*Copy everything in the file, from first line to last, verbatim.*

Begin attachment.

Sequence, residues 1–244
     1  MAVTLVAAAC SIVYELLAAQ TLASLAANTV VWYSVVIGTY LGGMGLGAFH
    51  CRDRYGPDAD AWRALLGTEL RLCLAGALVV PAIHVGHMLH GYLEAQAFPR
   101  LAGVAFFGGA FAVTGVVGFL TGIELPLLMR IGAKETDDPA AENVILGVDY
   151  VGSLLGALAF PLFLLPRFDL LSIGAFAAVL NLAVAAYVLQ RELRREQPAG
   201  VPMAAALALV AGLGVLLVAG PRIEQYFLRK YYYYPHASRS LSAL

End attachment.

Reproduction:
Sequence, residues 1–244
     1  MAVTLVAAAC SIVYELLAAQ TLASLAANTV VWYSVVIGTY LGGMGLGAFH
    51  CRDRYGPDAD AWRALLGTEL RLCLAGALVV PAIHVGHMLH GYLEAQAFPR
   101  LAGVAFFGGA FAVTGVVGFL TGIELPLLMR IGAKETDDPA AENVILGVDY
   151  VGSLLGALAF PLFLLPRFDL LSIGAFAAVL NLAVAAYVLQ RELRREQPAG
   201  VPMAAALALV AGLGVLLVAG PRIEQYFLRK YYYYPHASRS LSAL